“It would hurt our exports to China, especially with agricultural products,” Nguyen Duc Kien, deputy head of the National Assembly Economic Committee, said in a telephone interview on July 10. “Meanwhile, our imports from China may surge as Chinese producers may lower prices to dump their products abroad.”
China has been Vietnam’s biggest trade partner since at least 2007. The recent stock plunge and the slowdown in China’s growth has triggered concerns in regional governments including Indonesia and Philippines.
“A surge in sales of Chinese products at low prices in Vietnam would hurt domestic manufacturing with producers of goods similar to those imported from China likely suffering the most,” said Kien. “Yet, the Chinese stock rout may prompt investors to switch to other regional markets, including Vietnam.”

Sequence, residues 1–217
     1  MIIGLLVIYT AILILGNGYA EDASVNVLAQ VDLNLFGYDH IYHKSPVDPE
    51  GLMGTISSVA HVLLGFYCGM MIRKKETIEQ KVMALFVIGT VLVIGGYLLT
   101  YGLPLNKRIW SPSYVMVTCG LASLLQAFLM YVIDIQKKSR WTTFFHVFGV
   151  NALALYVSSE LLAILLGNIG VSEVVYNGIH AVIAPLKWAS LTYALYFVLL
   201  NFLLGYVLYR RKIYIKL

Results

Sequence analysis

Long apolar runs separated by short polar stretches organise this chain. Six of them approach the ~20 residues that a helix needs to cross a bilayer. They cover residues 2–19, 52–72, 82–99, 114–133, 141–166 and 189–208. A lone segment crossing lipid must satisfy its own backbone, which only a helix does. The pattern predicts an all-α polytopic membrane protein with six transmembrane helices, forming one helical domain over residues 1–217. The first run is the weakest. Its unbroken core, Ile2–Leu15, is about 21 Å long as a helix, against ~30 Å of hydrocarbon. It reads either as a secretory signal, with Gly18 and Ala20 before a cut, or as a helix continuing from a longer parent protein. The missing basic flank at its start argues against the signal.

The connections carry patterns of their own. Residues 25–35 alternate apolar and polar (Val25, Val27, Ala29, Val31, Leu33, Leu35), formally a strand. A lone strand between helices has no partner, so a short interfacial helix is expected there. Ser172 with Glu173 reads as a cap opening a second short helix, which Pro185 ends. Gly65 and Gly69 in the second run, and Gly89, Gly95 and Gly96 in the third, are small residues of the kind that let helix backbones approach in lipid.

Vietnam posted a trade deficit of US$700 million in June, data from the Hanoi-based General Statistics Office showed. Imports from China reached US$24.4 billion in the first six months, up 24% from a year ago while exports to China climbed 3.6% to US$7.7 billion in the same period.
The benchmark VN Index climbed 0.4%t as of 10:40 a.m. in Ho Chi Minh City. The measure has advanced 15% this year.
Certain Vietnamese industries may benefit from cheaper Chinese raw materials, said To Hoai Nam, vice-chairman of Vietnam Association for Small and Medium-sized Enterprises.
“Producers of garment, apparel and footwear will have a chance to expand production as the slowdown will force Chinese suppliers to lower prices,” Nam said in a phone interview.